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I want to keep my wife PDF Print E-mail
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Written by Ghassan Abdullah   
Saturday, 13 November 2010 16:07

I want to keep my wife

November 2006

(Letters from Palestine-Page 88)

Israel has decreed that my wife and I can no longer live together. I am Palestinian and she is Swiss, and we have been married for twenty eight years. She was given two weeks to leave the occupied Palestinian territoriy. The Israeli minister of interior wrote on her swiss passport: “Last permit”. We have been living in Ramallah for twelve years. We came in 1994, when after Oslo agreement, we were encouraged to move to the west bank by the prospect of “peace” and development.

My wife Anita speaks Arabic, likes the landscape, cooks arabic meals, and she cares for my grandfather’s village house, an old stone building and the plants around it, more than I do. She votes in Palestinian elections as the spouse of a Palestinian. She is active in serving the local society in public health. She has so many friends here and considers it home. She still has her valuable European element and contacts, but she doesn’t want to be deparated from this environment or from me, and I certainlt do not want to be separated from her.

Our children are grown up and work abroad. But they are also not sure they will be allowed to visit us here. On her way to visit us in Ramallah a few months ago, our daughter, who has a Swiss passport, was delayed for six hours at Tel Aviv airport and grilled when she landed. She was lucky. Others are deported to where they took off from, often spending a night or more at that notorious detention “facility” at the airport.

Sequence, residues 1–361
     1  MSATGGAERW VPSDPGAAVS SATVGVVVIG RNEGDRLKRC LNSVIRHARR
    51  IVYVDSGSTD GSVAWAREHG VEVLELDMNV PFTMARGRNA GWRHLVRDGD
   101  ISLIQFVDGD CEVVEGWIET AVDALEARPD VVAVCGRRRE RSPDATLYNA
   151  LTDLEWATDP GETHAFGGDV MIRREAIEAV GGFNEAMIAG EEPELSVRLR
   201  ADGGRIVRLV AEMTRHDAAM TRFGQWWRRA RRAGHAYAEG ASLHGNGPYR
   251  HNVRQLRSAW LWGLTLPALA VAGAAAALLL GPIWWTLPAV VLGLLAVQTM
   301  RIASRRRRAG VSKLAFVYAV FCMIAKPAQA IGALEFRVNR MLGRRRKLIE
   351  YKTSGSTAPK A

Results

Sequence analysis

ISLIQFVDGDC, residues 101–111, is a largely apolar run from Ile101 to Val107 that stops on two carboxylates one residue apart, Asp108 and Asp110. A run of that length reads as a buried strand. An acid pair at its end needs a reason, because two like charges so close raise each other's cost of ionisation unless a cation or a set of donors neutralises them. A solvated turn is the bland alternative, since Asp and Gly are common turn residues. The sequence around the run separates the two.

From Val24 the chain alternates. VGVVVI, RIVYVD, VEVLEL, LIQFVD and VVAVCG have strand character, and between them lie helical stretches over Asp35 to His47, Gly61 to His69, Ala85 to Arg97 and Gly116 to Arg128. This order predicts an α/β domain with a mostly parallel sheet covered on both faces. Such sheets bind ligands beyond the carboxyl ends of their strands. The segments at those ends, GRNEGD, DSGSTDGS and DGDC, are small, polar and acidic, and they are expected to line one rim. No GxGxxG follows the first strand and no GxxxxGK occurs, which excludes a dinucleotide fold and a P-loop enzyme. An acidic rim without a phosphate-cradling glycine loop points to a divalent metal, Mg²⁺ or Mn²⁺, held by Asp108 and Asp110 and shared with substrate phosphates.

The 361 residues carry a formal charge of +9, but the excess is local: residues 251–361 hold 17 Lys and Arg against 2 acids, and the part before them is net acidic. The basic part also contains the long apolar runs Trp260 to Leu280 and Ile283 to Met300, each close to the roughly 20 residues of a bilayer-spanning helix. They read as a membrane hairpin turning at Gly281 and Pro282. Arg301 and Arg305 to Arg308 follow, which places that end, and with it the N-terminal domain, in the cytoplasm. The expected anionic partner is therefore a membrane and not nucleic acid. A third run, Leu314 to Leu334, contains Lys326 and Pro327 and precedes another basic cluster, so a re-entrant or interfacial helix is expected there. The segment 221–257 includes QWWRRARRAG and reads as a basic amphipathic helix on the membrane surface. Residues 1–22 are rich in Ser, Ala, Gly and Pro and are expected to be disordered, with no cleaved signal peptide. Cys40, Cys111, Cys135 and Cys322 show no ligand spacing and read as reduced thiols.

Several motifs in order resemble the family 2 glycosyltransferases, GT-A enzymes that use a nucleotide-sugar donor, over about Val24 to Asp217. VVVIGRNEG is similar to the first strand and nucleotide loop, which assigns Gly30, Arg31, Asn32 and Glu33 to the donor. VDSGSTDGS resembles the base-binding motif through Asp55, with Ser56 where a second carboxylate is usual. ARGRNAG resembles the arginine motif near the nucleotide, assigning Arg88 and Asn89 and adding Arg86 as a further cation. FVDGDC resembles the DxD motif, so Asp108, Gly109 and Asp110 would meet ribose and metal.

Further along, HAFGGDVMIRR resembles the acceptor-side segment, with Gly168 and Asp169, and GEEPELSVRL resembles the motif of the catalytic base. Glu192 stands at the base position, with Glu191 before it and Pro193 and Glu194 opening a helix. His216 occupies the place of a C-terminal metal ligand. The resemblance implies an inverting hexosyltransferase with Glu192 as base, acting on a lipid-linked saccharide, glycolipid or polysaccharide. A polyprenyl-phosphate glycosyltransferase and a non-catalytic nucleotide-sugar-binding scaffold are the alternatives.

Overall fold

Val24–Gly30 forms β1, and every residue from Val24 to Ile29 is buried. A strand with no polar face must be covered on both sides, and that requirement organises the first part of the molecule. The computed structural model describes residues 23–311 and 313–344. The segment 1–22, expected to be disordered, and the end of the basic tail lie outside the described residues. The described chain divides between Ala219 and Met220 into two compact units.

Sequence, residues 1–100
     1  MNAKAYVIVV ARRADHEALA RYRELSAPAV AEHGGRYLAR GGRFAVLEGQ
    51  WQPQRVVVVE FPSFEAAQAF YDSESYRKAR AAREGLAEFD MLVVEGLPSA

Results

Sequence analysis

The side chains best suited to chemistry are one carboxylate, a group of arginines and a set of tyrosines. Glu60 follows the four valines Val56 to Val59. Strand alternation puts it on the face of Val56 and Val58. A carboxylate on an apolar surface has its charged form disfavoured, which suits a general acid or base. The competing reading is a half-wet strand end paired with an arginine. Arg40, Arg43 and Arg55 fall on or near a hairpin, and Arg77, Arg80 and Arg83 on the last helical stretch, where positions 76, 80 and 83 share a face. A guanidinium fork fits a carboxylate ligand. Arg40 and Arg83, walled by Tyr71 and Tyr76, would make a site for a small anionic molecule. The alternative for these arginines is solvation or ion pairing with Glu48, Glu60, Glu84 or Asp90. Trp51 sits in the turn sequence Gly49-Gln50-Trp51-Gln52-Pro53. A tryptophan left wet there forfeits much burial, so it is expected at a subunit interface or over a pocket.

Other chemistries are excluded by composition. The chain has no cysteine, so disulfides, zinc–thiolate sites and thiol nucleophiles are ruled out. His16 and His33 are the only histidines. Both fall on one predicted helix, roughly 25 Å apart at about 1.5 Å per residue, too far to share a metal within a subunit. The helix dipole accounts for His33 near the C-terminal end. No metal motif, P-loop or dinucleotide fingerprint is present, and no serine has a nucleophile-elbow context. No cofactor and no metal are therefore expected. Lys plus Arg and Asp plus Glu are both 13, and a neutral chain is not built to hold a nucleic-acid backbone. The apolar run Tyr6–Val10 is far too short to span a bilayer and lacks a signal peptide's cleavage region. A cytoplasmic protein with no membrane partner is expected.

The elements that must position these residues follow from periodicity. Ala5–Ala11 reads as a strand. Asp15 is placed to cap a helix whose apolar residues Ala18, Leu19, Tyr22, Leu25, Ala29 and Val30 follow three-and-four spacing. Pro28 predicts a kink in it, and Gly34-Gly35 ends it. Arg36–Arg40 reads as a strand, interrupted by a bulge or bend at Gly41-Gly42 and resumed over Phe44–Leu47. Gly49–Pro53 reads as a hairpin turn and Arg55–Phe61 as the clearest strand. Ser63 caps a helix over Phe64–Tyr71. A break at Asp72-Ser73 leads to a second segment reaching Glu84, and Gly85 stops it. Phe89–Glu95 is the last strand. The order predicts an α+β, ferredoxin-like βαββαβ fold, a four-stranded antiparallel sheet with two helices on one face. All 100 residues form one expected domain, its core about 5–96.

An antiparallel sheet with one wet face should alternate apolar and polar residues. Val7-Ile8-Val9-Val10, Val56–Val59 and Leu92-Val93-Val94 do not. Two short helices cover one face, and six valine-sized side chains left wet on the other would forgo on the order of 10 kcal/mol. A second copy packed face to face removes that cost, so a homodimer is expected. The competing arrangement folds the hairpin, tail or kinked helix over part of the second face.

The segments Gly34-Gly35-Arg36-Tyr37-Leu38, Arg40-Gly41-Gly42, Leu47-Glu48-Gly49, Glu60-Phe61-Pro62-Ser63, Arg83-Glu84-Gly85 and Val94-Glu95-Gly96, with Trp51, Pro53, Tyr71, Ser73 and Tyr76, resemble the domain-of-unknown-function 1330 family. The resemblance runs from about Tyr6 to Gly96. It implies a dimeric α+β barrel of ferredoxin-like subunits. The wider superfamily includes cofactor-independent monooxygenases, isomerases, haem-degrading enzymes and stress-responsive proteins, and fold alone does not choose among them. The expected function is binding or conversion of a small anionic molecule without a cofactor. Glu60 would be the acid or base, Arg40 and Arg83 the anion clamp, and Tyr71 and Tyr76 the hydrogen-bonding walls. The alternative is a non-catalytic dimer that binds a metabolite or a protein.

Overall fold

For the past twelve years, Anita has managed to stay here by diligently renewing her permit or leaving and coming back every three or six months to comply with the Israeli “law” that applies in the occupied territories. She is fighting now to stay here by going to a lawyer and to the Israeli courts, hoping for an injunction to be able to stay until a verdict is reached. She is also in touch with her embassy, and she has joined others in the same predicament in addressing the European Union and the American consulate and in talking to human rights organizations, both Israeli and Palestinian, and the media.

We don’t know what to do. But we have to do it quickly. What do we do about our shared life, our papers and accounts, the hundred of little things that we have grown to share? What do we do about the new apartment that we made the “mistake” of purchasing at the wrong time? She was keyed up about what tiles to choose and how to model the kitchen. We can’t believe, or accept, that we are going to be separated. We believe it though, when we are reminded by other “mixed” couples or families who have, and are being, separated around us.




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